To prevent a disease, you need to know what causes it. Blossom-end rot is caused by a calcium deficiency, which affects normal cell growth. Blossom-end rot results when the demand for calcium exceeds the supply, which can be caused by

  • Moisture fluctuation, which can reduce a plant’s calcium uptake.
  • Low calcium levels in the soil, often the result of improper soil pH.
  • Drought stress.
  • Over fertilizing with nitrogen-based fertilizers.

and which can be prevented by:

  • Tomato Grower's Soil Test KitMaintaining the pH of your soil right around 6.5. An inexpensive soil tester can quickly give you the pH of your soil, and then you can take the necessary steps to adjust it. This is not only good for preventing blossom-end rot; it is beneficial to the majority of your garden plants. 6.5 is the recommended soil pH for successful organic gardening.
  • Maintaining consistent moisture for your tomato plants. All garden plants require about one inch of moisture per week. If you are fortunate enough to have plenty of rainfall, this will not be an issue, unless you are getting way too much. Otherwise, irrigation is necessary, and I recommend a drip irrigation hose. A drip irrigation hose ensures that the moisture is going to the roots where it is needed, not landing on the leaves (especially in a crowded garden) and then evaporating.
  • Avoiding nitrogen-based fertilizers as your tomato plants start to fruit. There are actually two kinds of nitrogen fertilizer available. Nitrate nitrogen is preferable to ammoniac forms. Excess ammonium ions can reduce the calcium uptake of your plants. All nitrogen fertilizers should be used lightly and with the knowledge that the run-off from synthetic fertilizers can pollute water sources, including wells and ground water and are not entirely safe for use around your family, children and pets.
  • Ensure adequate calcium levels in your soil. Applying lime to your soil is one way to add calcium, but it will also lower the pH. This would be the ideal solution if you also need to adjust your pH down. Additionally, you can use a product, such as Nutri-Cal® Liquid Calcium supplement. Highly concentrated, it is applied in a fine spray every couple of weeks, though root absorption of calcium will be the most beneficial. Some gardeners crush egg shells and mix it into the top inch or so of soil, right around their plants, experiencing quite a bit of success, though the exact amount of egg shell needed is not really known.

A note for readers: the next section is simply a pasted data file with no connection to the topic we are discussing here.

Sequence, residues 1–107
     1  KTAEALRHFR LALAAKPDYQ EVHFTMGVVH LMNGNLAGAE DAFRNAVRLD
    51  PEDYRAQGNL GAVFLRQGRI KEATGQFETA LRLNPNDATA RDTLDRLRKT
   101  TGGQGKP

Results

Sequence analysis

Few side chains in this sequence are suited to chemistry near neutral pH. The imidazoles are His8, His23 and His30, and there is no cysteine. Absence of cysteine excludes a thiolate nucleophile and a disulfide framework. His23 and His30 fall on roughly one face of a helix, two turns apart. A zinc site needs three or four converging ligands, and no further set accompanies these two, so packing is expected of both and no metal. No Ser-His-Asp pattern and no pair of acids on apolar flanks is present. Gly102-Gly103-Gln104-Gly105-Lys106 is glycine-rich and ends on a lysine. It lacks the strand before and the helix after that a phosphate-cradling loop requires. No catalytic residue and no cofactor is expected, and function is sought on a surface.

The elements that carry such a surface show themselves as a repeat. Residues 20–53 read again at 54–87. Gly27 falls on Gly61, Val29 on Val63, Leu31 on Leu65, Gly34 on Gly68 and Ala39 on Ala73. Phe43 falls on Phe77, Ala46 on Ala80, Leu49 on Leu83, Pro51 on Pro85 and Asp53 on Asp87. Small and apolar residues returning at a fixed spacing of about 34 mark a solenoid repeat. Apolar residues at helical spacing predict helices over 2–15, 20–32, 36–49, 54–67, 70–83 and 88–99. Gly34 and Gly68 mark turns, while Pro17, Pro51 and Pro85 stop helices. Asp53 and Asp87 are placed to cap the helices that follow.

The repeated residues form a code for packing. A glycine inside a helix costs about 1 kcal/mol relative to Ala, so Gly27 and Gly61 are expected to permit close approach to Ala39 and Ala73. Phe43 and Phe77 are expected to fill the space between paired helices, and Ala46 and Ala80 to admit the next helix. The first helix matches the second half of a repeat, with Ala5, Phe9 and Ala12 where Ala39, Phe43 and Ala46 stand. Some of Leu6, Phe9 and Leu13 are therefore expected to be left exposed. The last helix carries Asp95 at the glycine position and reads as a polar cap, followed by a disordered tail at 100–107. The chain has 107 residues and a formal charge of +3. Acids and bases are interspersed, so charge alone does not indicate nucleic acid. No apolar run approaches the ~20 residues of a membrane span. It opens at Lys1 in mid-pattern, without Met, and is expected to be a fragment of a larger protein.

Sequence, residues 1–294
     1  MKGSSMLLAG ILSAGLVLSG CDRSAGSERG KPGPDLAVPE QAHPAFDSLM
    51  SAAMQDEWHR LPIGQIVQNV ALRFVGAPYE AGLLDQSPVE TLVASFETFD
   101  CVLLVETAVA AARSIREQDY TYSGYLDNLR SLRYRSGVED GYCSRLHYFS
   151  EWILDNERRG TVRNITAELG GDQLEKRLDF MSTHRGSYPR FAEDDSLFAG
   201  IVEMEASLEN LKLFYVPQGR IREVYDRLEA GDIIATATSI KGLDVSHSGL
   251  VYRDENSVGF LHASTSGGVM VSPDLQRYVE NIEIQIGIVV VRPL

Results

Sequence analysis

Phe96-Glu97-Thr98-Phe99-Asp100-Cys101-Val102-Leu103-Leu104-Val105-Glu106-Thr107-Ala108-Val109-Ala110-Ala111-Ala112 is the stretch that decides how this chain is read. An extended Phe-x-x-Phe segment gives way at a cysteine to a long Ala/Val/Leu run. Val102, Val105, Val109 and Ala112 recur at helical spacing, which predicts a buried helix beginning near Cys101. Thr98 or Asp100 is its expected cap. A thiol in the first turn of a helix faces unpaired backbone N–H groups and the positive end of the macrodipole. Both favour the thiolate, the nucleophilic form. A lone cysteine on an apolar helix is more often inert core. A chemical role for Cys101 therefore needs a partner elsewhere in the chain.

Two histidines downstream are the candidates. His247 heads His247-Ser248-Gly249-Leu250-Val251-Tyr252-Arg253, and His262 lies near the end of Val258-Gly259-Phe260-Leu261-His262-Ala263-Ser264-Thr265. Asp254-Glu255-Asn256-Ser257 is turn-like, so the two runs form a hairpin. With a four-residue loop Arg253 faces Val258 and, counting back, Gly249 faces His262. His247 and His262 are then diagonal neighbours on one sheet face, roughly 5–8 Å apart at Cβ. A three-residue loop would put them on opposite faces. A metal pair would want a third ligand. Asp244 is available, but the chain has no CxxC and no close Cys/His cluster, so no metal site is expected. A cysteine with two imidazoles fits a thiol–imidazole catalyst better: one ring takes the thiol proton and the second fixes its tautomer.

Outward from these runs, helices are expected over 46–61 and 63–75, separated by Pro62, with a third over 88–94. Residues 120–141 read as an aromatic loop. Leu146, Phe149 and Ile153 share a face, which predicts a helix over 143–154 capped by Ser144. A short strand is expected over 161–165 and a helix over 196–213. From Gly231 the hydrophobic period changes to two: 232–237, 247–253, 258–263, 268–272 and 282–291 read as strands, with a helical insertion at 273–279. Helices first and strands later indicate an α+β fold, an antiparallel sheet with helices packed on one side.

• Using good, rich soil is the ultimate way to prevent blossom-end rot from occurring. Soil rich in organic matter is naturally rich in calcium, and is also much more able to retain moisture, which means maintaining your soil’s moisture content is much easier. You can mix compost into your soil prior to planting or you can even top-dress your soil and as you water and cultivate, the compost will become mixed with your soil. Worm Castings are also a source of the richest organic matter and can either be mixed in, top dressed or side dressed.Earthworm Castings

These are fairly easy steps to making sure that all of your garden plants grow healthy and strong. Good gardening habits go a long way to ensuring not only a productive harvest, but less effort on your part, in the long run. In particular, it will mean your tomatoes are not lost to blossom-end rot. We all know how scrumptious fresh, homegrown tomatoes are. A few extra preventive measures will make the difference between a modest tomato harvest and an extraordinary one!

Happy Gardening Everyone!

Worm-Made vs. Man-Made

July 14th, 2011

Before I tell you about the benefits of using worm castings or vermicompost, you need to know why you should not be utilizing chemicals.

If you watch the news at all, you are well aware of the environmental crises that occur around the world involving hazardous materials and chemicals. The components of chemical fertilizer have even been used to make life-destroying bombs, which should be a big hint to all of us that they are not the best thing to be using on our lawns; and especially on our vegetable gardens that supply the food we feed to our family.

Chemical fertilizers are considered potentially harmful to both humans and to our planet. They are completely inorganic, synthesized to mimic the minerals and nutrients that plants need to grow. Yes, they work; but at what cost? Chemical fertilizers can pollute wells and ground water and eventually ends up in the rivers, lakes and oceans as rain washes it to these water sources. How many times have you seen someone overwatering their lawn to the point that it is running in the gutters? How many times have you stopped to think that whatever he or she has used to kill weeds on their lawn or to make their lawn grow is being washed, along with the wasted water, into the storm drains? Where do you think the water from the storm drains ends up? Yep, I’ve been guilty too, but I’ve made learning about the best ways to garden while leaving the world a better place for my children, my personal goal and my business, and that does not involve using harmful chemicals.